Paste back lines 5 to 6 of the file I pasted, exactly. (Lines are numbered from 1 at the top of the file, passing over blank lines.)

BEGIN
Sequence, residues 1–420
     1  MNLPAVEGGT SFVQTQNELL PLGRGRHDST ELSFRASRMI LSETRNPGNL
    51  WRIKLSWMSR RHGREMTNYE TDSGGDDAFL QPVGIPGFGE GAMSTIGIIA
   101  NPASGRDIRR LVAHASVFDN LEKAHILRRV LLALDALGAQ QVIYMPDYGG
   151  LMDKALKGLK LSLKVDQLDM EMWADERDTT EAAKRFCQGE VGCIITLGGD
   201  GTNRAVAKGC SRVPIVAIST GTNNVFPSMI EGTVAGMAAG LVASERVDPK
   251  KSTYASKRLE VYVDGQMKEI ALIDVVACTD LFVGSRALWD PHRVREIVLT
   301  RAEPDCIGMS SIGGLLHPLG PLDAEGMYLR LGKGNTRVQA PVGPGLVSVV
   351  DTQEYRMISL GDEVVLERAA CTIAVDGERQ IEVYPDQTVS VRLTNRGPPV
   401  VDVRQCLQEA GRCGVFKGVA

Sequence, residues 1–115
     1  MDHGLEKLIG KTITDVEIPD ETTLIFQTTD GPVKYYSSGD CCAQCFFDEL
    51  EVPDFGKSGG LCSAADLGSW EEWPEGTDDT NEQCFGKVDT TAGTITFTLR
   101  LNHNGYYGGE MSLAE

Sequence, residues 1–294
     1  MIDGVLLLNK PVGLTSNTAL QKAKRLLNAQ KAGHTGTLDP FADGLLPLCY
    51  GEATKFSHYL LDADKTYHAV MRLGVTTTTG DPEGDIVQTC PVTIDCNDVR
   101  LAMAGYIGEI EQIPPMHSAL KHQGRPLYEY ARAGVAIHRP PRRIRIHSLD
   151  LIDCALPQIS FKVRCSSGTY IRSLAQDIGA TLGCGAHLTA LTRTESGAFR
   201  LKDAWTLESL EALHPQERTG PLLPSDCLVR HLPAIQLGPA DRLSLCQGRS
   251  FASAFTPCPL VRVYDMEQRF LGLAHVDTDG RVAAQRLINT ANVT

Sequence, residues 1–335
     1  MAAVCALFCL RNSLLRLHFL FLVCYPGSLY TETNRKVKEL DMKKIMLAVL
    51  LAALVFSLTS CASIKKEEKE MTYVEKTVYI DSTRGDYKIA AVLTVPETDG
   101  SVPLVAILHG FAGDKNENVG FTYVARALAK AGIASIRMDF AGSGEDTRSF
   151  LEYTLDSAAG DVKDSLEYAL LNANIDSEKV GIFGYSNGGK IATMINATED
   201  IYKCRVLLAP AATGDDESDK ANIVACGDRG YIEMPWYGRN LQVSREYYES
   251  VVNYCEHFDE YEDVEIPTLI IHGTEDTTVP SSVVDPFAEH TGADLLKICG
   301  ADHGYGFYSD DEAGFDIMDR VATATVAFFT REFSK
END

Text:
   151  LMDKALKGLK LSLKVDQLDM EMWADERDTT EAAKRFCQGE VGCIITLGGD
   201  GTNRAVAKGC SRVPIVAIST GTNNVFPSMI EGTVAGMAAG LVASERVDPK